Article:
On November 22nd, Dave and I had an amazing time seeing the fantastic Canadian export, Cirque du Soleil, at Olympic Stadium in Seoul – how cool is that?! About a month ago, Jocelyne sent us a text that her and Ruth had bought tickets, and that we should join them, so we hopped right on board. How many opportunities would we have to see Cirque du Soleil perform on this side of the world? My guess is about one. The show, called Allegria, is currently traveling around the world, and was making a pit stop in Seoul for a few weeks before moving on to the United Arab Emirates.
We decided to make the day as thoroughly Western as possible, and started out by heading down to Itaewon after lunch to buy Dave a few more football jerseys. There are three or four shops along the main strip that sell jerseys, and this time Dave came prepared with a pen and paper to make a short list of his favourites from each location. He was also compiling the list for anyone back home who’d like an authentic NFL jersey, the likes of which normally will run in the range of about $250 back home, for exactly $20 here. Ridiculous. The shop owners are very pushy and aggressive, especially when they see a foreigner wander into their store. They are definitely not impressed if you leave the store without making a purchase, and will even follow you into the street, yelling after you to try and bargain a deal. After settling on a few of his classic faves – Steve Atwater, Gayle Sayers and Deion Sanders - we headed up to an area in Itaewon affectionately known as “The Hill”, which is openly accepted as the mecca for prostitution and gay bars in Korea – Itaewon is such a great place.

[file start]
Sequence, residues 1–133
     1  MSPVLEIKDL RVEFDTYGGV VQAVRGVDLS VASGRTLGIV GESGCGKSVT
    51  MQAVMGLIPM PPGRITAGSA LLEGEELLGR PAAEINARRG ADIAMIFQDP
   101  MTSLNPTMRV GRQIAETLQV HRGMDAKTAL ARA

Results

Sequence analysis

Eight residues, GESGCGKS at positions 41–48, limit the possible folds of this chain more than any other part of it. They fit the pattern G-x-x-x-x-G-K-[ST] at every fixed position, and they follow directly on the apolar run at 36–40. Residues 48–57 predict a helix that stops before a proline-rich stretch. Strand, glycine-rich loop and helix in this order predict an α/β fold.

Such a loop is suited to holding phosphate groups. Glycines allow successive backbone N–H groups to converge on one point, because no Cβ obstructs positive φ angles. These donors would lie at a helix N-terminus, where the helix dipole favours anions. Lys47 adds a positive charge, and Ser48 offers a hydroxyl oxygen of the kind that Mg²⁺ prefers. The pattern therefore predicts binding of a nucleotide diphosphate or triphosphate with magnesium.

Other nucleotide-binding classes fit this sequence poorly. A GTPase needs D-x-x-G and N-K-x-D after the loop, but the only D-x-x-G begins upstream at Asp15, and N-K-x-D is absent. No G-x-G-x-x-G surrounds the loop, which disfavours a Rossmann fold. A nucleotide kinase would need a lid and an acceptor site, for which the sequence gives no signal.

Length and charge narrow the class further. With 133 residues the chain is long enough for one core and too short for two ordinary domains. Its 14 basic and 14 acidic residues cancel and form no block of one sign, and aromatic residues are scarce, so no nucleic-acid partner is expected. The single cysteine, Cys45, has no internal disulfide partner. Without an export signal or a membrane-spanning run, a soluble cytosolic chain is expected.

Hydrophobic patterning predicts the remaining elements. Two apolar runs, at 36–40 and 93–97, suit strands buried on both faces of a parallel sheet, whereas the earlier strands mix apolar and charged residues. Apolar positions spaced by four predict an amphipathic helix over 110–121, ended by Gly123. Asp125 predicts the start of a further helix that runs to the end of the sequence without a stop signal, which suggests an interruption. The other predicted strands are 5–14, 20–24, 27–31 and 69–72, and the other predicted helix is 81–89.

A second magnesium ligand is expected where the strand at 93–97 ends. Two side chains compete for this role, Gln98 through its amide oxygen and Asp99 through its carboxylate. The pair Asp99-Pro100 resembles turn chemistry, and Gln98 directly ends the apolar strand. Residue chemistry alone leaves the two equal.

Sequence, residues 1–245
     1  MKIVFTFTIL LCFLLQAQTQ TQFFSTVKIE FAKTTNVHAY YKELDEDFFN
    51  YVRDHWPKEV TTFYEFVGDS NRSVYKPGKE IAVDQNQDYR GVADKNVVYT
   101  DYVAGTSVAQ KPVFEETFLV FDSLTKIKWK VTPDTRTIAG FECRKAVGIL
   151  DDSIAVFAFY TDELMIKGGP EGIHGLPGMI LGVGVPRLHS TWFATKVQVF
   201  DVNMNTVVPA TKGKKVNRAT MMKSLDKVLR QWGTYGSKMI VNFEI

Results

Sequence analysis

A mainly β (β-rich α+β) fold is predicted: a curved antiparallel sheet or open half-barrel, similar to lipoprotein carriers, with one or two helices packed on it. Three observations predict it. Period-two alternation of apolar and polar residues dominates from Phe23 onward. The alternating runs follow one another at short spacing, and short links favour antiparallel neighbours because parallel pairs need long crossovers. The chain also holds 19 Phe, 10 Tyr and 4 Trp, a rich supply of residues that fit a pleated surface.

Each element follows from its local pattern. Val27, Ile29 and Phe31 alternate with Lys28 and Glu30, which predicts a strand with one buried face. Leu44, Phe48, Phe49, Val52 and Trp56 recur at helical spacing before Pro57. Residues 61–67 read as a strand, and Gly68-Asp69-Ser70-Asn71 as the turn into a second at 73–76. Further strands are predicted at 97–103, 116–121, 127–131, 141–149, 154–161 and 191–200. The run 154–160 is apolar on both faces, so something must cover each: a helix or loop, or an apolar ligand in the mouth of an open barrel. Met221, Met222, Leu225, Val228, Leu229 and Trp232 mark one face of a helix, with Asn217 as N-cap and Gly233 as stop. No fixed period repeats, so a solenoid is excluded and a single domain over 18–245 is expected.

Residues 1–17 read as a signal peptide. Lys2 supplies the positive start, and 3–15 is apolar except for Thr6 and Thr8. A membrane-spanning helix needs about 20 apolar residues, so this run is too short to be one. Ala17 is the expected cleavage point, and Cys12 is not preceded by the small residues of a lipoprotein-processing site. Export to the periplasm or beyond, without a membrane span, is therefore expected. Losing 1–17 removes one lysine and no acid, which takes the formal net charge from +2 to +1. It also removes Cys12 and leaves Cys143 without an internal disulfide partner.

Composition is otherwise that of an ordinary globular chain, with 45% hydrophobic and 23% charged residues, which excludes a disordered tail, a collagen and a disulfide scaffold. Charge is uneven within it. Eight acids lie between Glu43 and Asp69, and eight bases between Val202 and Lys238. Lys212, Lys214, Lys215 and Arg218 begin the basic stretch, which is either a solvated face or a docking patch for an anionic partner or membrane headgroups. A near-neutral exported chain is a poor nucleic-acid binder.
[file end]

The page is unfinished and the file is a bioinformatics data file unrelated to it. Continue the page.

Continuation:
What were we doing up there, you ask?? Well, there is a well-known English book store on The Hill called What the Book?, and Dave and I were both a little anxious for some new reading materials. We found the store next to a seedy looking bar called the Moulin Rouge, and headed downstairs to find rows upon rows of English books – amazing! They had a very decent selection of new fiction, travel books, non-fiction, and even a huge used section from ex-pats who obviously can’t lug a pile of books back home with them. Dave quickly honed in on a couple of Kurt Vonnegut books, and I picked up a Self magazine (I’m still in the midst of reading Harry Potter 7).
We met up with Jocelyne at around 5, and headed back down to the strip to meet up with Ruth and some of her friends for dinner. It only made sense that we would have dinner at the Hard Rock Cafe, since it fell in line with the Western theme of the day. I had visited the Hard Rock in Orlando when I was 15, and expected the same over-priced, ultra American atmosphere I’d experienced in Florida, and I wasn’t disappointed. Lots of memorabilia on the walls, American music blaring from tv sets, and of course, ridiculously priced food. We chose some delectable American favourites – pulled pork sandwiches, french fries, chicken wings, mashed potatoes – for which we paid a hefty bill, and then we headed out of Itaewon towards the East side of Seoul for Cirque du Soleil.
We took the subway from Itaewon down to Jamsil, only to find out once we’d reached street level that the stadium where Cirque was playing was two exits before Jamsil and we were already super late. We took a cab back towards the stadium, and were dropped off at the entrance in about ten minutes. The next challenge was finding where exactly Cirque du Soleil was playing - we literally ran around 2/3 of the exteriour of the stadium before we saw the signature circus tents.
We booted it to the admission booth, grabbed our tickets, and headed into the tent. The show was already underway, so we had to wait until the act had finished before we could actually go into the performance area. We were stuck watching a really cool acrobatic act on a tv in the waiting area for about 5 minutes – it was torture to know we were so close, yet we couldn’t go in!